Old Hickory - update

Earlier this year I tried to trial the OLD HICKORY butcher knife which, mostly thanks to Dave Canterbury and his fans, was receiving a lot of attention.

As you will probably know I was disappointed as the scales fell off ............... but unperturbed I epoxied the scales back on and decided to give it a second chance.

The knife itself is a weigh and size I like - I know its a butcher knife NOT a bushcraft knife but what is a bushcraft knife? My thoughts, and again these are similar to the DC camp, is that back in the day mountain men and back woodsmen would have taken such tools with them into the wilderness - indeed George Laycock and David Montgomery among others also support this line of thought.

So would it have been kept exclusively for butchery or would it have been employed for general duties?

Hard to say - but personally I think anyone who had a knife with them would, regardless of its type, use it for whatever tasks they needed it for. Even if we consider the trinity of tool, knife - saw - axe, we would still need use the knife for many varied tasks.

So I decided to give it a go - test it against a Mora no1 and a Opinel no8 in a small carving contest.


Overall I was very pleased with the end result, the knife batoned well and the scales remained on this time! Carving with the single bevel (I had to sharpen the knife straight from new to get a decent edge) was ok and as before

 ( http://www.youtube.com/watch?v=5ZIuSAOrf9Y&list=UUTid1QaZEjj3AJU6xYQcIUQ)

Feather sticks etc were fine.

In the end my thoughts are thus - I will continue to carry the Old Hickory Butcher knife but married up with my trusty old Mora No1 - indeed I am pondering making a piggy back sheath for the pair. The versatility offered by these two tools is excellent, the price likewise very good - you do need to invest a little time on the edge and epoxying the scales on, a sheath is needed too - but you get a lot of knife for your buck!!


Anonymous said...

Seems like that Old Hickory and Mora will make a very versatile combo! Thanks for showing.


Lance Culp said...

You mention Dave Canterbury, who I think is a fantastic guy. But I'm a bit surprised that DC is so high on the knife for bushcraft use.I love the Old Hickory knife. I have one in my kitchen, and it is great there kitchen use. But it wouldn't be high on the list of knives that I would take into the bush. First of all, it doesn't come with a sheath. Dave is selling a sheath for it that costs far more than the knife. Sure, I could make a sheath, but there are other points to consider: the blade is extremely thin and I have to wonder how much batoning it would hold up to. And understand the folks in Dave's camp are adamant about the need for a knife to hold up to batoning. That's why they say that a Mora, which has a partial rat tail tang, is only really qualified to be a "back up" knife. Some now carry knives that can best be described as pry bars with edges. Such knives' only claim to fame is that they will do a half decent job of splitting wood. Such knives are mediocre, at best, for other jobs around camp. The Old Hickory is not optimal for batoning. Although the Old Hickory knife in question is full tang, I don't think it would hold up better than a Mora for batoning.Yes, the Mora and the Old Hickory could be paired as a combo, but I would be more inclined to make a combo of a Mora and a folding saw.Finally, the blade is longer than I like, although there are uses for a long blade. In sum, the Old Hickory butcher knife would be a compromise as a bushcraft knife.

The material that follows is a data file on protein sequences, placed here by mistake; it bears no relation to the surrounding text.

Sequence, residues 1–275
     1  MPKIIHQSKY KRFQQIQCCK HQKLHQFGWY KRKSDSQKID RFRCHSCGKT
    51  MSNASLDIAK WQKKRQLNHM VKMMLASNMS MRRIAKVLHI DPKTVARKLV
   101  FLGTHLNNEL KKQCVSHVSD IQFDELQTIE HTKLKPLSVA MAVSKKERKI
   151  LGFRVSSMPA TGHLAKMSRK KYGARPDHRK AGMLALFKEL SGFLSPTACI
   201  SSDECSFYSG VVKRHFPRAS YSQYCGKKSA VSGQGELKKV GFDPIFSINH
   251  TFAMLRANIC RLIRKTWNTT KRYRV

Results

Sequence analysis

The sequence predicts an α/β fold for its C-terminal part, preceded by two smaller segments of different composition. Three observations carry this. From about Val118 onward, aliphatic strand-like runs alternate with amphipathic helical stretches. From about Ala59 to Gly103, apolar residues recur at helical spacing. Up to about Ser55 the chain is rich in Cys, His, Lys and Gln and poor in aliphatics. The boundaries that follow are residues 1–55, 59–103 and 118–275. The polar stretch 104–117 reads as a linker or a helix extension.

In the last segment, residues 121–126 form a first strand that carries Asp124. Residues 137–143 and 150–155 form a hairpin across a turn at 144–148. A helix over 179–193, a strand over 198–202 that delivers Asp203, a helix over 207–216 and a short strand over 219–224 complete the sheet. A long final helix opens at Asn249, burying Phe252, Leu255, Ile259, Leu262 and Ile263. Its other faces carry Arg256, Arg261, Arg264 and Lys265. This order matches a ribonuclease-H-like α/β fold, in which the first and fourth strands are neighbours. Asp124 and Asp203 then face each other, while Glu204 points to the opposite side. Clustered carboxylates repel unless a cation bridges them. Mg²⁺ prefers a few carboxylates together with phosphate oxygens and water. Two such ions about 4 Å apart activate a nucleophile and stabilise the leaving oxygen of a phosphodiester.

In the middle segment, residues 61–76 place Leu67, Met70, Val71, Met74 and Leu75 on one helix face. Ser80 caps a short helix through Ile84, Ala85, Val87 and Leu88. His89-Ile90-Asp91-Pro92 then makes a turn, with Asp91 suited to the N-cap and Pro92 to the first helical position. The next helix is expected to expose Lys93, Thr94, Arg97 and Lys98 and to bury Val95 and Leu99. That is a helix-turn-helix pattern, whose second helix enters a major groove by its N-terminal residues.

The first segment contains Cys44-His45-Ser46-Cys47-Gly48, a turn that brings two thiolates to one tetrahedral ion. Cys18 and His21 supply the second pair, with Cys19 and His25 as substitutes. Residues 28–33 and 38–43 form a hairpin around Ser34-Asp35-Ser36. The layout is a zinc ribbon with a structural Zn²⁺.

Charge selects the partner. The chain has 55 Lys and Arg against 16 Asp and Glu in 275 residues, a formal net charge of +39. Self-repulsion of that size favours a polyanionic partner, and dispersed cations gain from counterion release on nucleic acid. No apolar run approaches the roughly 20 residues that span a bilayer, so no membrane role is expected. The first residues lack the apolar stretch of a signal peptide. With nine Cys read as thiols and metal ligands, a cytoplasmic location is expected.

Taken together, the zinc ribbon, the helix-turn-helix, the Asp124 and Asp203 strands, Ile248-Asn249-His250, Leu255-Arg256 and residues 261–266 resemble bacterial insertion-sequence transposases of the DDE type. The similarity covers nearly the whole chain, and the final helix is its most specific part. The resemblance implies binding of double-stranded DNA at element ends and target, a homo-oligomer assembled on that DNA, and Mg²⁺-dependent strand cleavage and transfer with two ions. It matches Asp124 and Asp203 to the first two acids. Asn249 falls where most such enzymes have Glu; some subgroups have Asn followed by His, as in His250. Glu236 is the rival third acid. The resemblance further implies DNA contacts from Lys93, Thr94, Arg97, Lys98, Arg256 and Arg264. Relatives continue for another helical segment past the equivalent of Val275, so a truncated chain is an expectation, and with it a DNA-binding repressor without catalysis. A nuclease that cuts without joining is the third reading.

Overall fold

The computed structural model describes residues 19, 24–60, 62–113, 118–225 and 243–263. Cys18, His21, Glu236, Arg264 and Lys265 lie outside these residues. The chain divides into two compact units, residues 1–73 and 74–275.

Survivall said...

Hi Lance - well put Sir! I agree with you.

Part of the idea of the butcher knife is to carry it for said task as much as bushcrafting.

All that and the review said, personally for proper bushcraft (ie trips longer than a weekend) I WILL still be packing my axe, saw and Mora ......... but for overnighters and specific trips a butcher knife or even a good sized camp knife will still be coming along.

Lastly - the mora bushcraft pathfinder looks like being the knife to replace the OH giving the outdoorsman the option of a decent sized Mora to bridge the gap between a 4" blade and the chopping power of an axe (I hope)